Book of Abstracts
11th IFOAM Scientific Conference
11-15 August 1996, Copenhagen, Denmark
1) University of Kassel, Faculty of Agriculture, International Rural Development and Environmental Protection, Section: Farm Animal Behaviour and Management, D-37213 Witzenhausen; 2) Müggelschlöchenweg 48, D-12559 Berlin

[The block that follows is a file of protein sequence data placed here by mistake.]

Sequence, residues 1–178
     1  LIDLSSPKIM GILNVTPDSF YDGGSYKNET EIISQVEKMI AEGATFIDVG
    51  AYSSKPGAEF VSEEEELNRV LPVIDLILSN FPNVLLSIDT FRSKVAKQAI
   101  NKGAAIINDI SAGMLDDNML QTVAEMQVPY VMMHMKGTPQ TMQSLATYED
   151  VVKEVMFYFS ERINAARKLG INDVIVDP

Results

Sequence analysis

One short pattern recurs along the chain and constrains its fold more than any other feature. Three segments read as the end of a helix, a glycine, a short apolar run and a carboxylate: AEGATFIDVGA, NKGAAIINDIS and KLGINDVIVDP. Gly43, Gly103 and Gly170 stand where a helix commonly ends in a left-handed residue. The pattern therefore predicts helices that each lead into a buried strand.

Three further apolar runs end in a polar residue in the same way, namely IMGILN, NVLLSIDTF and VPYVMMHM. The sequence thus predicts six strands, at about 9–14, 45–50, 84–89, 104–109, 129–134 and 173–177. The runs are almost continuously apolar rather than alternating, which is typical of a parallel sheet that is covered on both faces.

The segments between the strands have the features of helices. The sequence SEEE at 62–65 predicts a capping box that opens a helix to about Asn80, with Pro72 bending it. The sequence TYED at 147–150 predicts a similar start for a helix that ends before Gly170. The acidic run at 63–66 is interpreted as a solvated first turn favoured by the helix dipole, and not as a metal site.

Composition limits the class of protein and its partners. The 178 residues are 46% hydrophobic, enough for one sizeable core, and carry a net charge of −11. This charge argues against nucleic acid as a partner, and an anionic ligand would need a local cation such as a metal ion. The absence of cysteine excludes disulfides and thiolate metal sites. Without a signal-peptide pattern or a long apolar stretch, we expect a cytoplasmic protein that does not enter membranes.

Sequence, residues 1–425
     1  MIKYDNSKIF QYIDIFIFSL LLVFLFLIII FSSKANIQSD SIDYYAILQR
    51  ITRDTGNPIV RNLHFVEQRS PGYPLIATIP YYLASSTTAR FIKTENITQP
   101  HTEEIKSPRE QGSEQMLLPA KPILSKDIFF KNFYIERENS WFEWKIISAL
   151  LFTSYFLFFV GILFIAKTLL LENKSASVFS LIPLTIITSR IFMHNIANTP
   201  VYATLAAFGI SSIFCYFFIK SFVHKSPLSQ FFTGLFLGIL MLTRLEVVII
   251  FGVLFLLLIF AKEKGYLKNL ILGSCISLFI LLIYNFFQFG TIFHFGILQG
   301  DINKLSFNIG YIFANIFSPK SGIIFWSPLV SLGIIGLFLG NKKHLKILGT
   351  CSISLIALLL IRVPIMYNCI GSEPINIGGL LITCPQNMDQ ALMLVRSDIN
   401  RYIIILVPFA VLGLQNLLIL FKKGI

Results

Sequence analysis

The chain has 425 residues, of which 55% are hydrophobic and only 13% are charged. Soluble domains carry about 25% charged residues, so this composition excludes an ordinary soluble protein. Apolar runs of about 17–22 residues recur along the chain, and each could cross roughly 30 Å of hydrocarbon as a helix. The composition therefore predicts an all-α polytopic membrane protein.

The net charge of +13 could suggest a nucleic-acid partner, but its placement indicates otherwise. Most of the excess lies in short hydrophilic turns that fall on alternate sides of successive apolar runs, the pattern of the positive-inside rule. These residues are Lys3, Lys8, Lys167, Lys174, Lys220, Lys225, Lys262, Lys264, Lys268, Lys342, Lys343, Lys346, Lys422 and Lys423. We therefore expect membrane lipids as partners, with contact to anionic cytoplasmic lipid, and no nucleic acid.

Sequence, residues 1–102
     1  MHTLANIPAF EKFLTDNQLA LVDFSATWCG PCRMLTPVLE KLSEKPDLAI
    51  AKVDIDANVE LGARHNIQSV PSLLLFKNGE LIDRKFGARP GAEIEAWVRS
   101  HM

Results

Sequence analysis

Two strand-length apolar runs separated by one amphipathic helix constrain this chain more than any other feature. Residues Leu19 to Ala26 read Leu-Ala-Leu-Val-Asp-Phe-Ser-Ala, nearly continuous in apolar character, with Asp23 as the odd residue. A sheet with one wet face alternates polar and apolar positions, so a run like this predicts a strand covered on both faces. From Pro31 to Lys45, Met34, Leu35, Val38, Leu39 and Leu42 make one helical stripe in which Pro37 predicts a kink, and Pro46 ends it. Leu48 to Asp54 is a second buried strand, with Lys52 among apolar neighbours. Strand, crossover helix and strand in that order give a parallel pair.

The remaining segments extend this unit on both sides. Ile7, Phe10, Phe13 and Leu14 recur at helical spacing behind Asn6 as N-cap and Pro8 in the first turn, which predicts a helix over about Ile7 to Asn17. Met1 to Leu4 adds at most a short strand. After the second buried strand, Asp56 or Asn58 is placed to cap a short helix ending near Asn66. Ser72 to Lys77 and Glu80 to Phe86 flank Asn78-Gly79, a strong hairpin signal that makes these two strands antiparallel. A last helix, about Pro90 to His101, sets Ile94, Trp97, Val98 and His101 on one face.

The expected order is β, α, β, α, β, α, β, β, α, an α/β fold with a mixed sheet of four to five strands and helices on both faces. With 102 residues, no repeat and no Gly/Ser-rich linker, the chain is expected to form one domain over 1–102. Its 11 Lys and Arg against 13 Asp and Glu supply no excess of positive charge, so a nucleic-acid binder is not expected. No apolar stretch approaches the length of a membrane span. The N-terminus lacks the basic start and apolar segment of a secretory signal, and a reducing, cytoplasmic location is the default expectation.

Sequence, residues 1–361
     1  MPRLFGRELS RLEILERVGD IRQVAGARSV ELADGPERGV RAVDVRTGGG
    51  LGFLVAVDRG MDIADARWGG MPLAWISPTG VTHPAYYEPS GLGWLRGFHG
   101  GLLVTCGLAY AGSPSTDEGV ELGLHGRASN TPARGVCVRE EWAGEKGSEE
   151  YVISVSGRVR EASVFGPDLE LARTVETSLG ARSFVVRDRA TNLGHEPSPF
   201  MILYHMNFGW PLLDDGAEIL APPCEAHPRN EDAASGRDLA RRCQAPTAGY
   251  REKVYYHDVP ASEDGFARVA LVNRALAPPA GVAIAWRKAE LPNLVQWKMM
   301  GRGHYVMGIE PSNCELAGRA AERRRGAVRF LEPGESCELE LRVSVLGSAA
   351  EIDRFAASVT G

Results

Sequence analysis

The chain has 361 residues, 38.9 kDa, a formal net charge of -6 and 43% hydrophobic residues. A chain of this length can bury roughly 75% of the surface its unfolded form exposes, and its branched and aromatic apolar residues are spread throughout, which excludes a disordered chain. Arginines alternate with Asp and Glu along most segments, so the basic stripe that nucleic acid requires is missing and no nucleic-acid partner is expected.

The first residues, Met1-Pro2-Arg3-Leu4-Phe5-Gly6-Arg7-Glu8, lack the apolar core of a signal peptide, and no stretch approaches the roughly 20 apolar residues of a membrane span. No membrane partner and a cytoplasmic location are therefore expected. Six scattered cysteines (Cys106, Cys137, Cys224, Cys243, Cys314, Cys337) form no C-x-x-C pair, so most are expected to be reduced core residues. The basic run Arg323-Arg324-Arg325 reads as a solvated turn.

In alternative keeping systems, especially in aviaries, hens differ in their acceptance of nests for egg laying. Eggs laid on the floor of the litter area or on the wire of the aviary system get dirty or broken and cannot be sold. Collecting them separately is time consuming and costly.Results from various studies indicate a change in nestpreference with increasing age of laying hens. This ontogeny was studied in the following experiment in an aviary under practical condition.The nest-choice / eggs laid per nest of 1.200 hens (ISA brown) was recorded weekly during the 19. - 52. week of age. A variety of total 16 different nests was offered:1. entrance with/without curtain.2. short/long distance to the aviary system.3. upper/lower row/level of nests.4. right/left side of the hen house.ad 1. There was no preference in the beginning between nests with or without a curtain in the entrance. Nests with curtain were increasingly preferred from the 23. week on.ad 2. Nests with greater distance were initially preferred, although decreasing until 33. week of age; from then on they were accepted equally to nests with short distance to the aviary system.ad 3. The initial preference of the upper nest-level decreased until 22. week of age and increased afterwards steadily compared to the lower level of nests.ad 4. The nests on the side without windows and without outlets were more preferred.The strongest changes in the development of some of the preferences occurred during 3. - 6. week of lay. This indicates an ontogeny of nest preference behaviour. The development of nestpreference of the hen when coming into lay is interpreted as a need for specific nest qualities. This has to be considered by offering adequate nests. This improves the housing quality for the hens, will minimize the amount of floor eggs and has economic advantages. - Examples are demonstrated.
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